Next, we can perform manual searches by making search strings/queries/strategies using all the important/related key words/phrases of the invention. These can further help us in identifying major assignees/inventors and/or important patent classifications related to the invention which can be used in forming further search strategies. 

We can also look for more related prior arts present/cited on an identified relevant prior art. Further, all these databases mostly have their own syntax/methods for making search strategies.  

Moreover, if client has already some patents/products/papers published on the same technology, then those references/citations can be identified and can help in steering the search accordingly, to find the closest possible prior art. 

What does not Qualify as a Prior Art?

  • Any information or patent application which is publicly disclosed after your application’s filing date doesn’t qualify as a relevant prior art.  
  • For a publication to qualify as a prior art it must offer an “enabling disclosure.”  
  • Some abandoned patent applications may remain confidential, and this cannot be used as prior art. For example, some provisional patent application which are not converted to non-provisional applications are never published and thus not available publicly. Such, applications cannot be used as a prior art. 
  • Trade secrets are confidential by nature, and they cannot be used as evidence of prior art. 
  • Confidential disclosures/documents cannot be used as prior art when information is shared under an obligation of confidentiality such as by signing a non-disclosure agreement (NDA).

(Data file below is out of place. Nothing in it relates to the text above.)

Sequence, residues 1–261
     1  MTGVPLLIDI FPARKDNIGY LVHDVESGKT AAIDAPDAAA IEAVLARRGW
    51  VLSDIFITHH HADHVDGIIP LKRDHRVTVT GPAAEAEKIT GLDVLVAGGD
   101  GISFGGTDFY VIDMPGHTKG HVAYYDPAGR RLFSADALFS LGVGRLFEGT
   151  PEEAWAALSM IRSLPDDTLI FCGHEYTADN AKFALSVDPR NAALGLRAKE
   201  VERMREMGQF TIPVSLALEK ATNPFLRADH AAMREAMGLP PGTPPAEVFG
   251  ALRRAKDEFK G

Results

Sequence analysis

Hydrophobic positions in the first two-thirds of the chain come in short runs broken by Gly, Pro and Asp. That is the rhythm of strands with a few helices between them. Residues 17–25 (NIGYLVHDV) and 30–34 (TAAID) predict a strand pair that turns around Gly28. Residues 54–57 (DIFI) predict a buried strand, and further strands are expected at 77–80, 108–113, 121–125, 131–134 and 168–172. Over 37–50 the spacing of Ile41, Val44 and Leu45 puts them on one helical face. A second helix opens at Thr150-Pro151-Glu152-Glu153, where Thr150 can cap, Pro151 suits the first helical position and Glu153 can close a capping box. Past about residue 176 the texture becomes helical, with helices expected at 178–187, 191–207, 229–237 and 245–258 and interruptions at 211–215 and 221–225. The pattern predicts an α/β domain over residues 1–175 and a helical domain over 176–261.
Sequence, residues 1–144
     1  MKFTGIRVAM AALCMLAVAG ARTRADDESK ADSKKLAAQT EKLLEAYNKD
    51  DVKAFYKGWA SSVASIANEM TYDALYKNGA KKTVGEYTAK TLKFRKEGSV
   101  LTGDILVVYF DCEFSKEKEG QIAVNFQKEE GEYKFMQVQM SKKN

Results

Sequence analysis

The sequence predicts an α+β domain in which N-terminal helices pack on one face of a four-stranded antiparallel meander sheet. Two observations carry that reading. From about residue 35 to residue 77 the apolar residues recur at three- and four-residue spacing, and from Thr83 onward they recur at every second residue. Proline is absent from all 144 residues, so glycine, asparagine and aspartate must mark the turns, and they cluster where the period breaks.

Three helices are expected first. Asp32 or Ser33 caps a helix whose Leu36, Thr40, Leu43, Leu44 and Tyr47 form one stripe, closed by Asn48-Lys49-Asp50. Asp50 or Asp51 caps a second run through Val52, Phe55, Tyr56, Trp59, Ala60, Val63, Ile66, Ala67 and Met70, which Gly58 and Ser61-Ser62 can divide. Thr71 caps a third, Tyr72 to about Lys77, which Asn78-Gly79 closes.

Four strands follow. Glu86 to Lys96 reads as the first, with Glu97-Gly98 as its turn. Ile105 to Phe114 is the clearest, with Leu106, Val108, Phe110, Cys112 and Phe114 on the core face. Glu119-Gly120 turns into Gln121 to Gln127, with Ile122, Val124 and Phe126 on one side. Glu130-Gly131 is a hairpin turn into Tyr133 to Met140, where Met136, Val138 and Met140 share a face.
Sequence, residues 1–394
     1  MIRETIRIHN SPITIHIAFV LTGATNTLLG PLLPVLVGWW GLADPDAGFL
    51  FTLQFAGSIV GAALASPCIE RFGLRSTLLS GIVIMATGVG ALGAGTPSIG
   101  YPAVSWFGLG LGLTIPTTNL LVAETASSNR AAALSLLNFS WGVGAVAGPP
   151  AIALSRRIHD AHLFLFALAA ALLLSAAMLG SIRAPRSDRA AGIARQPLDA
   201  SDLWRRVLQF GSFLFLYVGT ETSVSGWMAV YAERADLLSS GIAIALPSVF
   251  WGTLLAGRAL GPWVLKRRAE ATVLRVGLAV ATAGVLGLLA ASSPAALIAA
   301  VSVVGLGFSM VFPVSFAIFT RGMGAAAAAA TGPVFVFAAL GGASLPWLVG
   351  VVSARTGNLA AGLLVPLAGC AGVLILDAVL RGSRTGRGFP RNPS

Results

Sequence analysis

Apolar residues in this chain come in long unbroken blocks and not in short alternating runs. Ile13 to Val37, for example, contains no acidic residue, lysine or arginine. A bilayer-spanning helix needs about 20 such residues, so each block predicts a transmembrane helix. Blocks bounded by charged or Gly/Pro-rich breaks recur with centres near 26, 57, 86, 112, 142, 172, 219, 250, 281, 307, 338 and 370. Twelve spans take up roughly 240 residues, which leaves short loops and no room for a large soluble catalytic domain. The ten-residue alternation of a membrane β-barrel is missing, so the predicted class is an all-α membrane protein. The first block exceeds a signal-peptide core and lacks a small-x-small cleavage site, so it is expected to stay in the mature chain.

What to do if you find a Prior Art? 

“Only God works from nothing. Man must work with old elements.”- Chief Judge Markey viewed all inventions as combinations of old elements.  

For every invention there’s always a prior art. But the grant of your patent application depends on the difference of your invention from the existing prior art. As mentioned already, there are two main criterions for granting patent application. First, the invention must be new (or “novel”). Second, your invention must be inventive (or “non-obvious). It is the duty of the applicant to inform the patent office of any known prior arts. 

However, if a prior art search analysis leads to prior arts or citations similalr to the invention or leading to obviousness of the invention or questioning the novelty of the invention; the inventor may have to change or amend his invention.  

  • Competing Prior Arts 

We are aware that inventions are a solution to an existing problem and a single problem can have more than one possible solution. These documents contain the solution to your invention act as competing prior arts and these might be a major influence in amending your own invention for it to be novel/new.